Relationships

Out of Dublin

You kept a photo of my sisters and me, with my face torn out, which I never understood — just as I'll never forget the day you opened your arms to me

Dad called the family doctor to the house because for days running you wouldn’t get out of bed, because you could see monsters coming out of the walls. The doctor said we had to make you feel useful, needed. Said you didn’t see any point to being here.

You lying so still on your side of the bed, so stuck, gave me the same cold, sickening flutter in my stomach as the day when I closed the car door on your hand. A flutter that felt like something inside me was trying to take off, to get away.

I made up things for your idle hands to do, so you could feel, like the doctor said, that you had purpose. I didn’t take the antibiotics for those repeated bouts of tonsillitis so my high fevers would get your attention and make you bring me ice cream and damp face cloths and, later, when the worst of the infection was over, you would bring me tea and toast in bed until I returned to school, supposedly mended.

At school, I slammed my hands into the walls of the bathroom, often spraining and twice fracturing my wrists, for the attention, for time off school, to give you things to fix. Once, at 14, I ran away overnight, to give you a taste of what you’d miss if you weren’t here, if you gave up on us, on yourself.

I also rode passenger on motorbikes, holding hard to older, long-haired, leather-clad boys, and speeding deep into the countryside. Those misdeeds were mostly just for me, though, to make me feel alive and free and scared in another way, a way I could make stop.

That day I came home after school, your tired, shaky, blue-veined hands serving up bowls of the steaming chicken soup to my sisters and me, and as we’d finished eating, sopping up the last of our meal with wads of buttered bread, you said you’d put poison in the soup, that we’d all be better off dead, that Dad was trying to kill you, and my waiting through the rest of the day and night and the next day and night for the poison to take effect and the dying sensations to start.

The money I stole from your handbag and Dad’s pockets, and one time the Wheelchair Association’s collection box, to buy comics and chocolate, and later books and makeup and clothes and alcohol. These things brought pleasure, took me someplace else, and you and I were hitting and hating on each other anyway, so why not be wholly bad, give your hands more beatings and hair-pulling to do?

That time, the worst you’d ever leathered me with Dad’s trousers belt, leaving red-purple welts on my arms and legs and back. After, alone, I stared at the throbbing marks, recalling the similar mess I’d made of your fingers in the car door and marveling that a father’s belt could make the blood come so close to the surface of the skin, so precisely to the point just shy of cutting and bleeding. My fingers traced and pressed the welts, playing around with how much pain I could take, as I filled with the fizz and pop of rage and betrayal and awe.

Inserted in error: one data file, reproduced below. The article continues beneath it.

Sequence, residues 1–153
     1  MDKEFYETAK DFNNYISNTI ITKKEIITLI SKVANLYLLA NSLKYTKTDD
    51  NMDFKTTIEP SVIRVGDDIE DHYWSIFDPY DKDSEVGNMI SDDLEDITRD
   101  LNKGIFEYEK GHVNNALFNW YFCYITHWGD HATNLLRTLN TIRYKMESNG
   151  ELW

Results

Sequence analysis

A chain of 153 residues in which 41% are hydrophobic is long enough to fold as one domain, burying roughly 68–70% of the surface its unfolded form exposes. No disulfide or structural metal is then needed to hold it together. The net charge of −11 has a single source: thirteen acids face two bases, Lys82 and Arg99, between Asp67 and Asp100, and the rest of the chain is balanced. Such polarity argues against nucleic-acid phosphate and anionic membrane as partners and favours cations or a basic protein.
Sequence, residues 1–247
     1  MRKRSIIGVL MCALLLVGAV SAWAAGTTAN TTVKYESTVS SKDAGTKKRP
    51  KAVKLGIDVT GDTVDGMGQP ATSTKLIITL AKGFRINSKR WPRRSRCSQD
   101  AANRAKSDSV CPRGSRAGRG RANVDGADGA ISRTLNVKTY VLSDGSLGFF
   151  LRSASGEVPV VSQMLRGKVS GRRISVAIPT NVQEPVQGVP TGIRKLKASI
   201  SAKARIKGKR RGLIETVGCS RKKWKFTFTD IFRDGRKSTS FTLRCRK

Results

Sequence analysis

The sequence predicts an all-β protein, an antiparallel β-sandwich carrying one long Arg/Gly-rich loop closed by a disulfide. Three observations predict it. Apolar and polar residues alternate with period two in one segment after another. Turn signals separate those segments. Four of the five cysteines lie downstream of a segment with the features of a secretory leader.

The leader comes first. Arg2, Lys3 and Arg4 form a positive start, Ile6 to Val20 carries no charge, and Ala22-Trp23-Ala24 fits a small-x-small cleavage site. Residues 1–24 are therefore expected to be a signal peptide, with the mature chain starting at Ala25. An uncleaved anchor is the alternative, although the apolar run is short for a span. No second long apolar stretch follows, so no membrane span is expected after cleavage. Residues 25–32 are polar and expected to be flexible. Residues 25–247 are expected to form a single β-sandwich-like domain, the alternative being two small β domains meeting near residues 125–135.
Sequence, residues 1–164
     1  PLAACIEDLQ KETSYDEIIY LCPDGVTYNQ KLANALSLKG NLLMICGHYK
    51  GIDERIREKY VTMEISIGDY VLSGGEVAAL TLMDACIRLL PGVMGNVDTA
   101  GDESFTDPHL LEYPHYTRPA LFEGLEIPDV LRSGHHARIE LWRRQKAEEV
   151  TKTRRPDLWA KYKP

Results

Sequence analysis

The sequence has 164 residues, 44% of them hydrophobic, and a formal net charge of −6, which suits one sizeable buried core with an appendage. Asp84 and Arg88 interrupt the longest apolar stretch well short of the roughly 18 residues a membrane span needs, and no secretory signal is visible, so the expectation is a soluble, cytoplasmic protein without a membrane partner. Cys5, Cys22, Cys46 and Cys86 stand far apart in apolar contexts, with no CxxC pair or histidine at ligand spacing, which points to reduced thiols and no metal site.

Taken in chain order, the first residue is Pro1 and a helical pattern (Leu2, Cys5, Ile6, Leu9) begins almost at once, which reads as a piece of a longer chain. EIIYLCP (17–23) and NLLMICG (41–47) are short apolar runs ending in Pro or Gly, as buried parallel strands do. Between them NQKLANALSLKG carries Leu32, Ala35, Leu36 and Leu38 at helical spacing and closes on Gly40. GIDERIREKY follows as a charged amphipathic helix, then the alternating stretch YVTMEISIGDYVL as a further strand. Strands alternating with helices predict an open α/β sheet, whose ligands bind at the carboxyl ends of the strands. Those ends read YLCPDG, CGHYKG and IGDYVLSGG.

When I was 15, you disappeared for two days, wandering Dublin city alone and insane and almost blind. You hated to be alone, and especially outside. We never, ever left you alone outside, one of us always your white cane. Waiting through the days and nights for you to come home, for you to be found, I shook so hard I felt sure my skeleton would come undone, terrified you would kill yourself or would get run over on the road.

The police found you at last and, as advised, Dad committed you to the mental hospital. With rare mention of your madness, he said putting you away was the hardest thing he had ever done.

You spent months inside Grange Gorman. Close to the time of your hospital release, I was the last member of our family you agreed to see. I never understood why I was last. I never understood why, either, when I found the unframed photograph of my two sisters and me inside your blue hospital case, with my face torn out.

When I entered the visitors’ room, with its scatter of gray, plastic chairs and two tall, dull windows draped in yellow curtains, you cried out, a sound like your heart was ripping, and opened your arms to me.

There was no one else in the room, just you and me, and during those moments when you held me and we rocked and cried together, your skin powdered in lavender and your mind quieted by medication and shock treatments, I felt nothing between us but pure love.

Ethel Rohan is the author of two story collections and the winner of the 2013 Bryan MacMahon Short Story Award. This story was excerpted from "Out of Dublin," an original memoir for Shebooks, a new publisher of short e-books by and for women.

   
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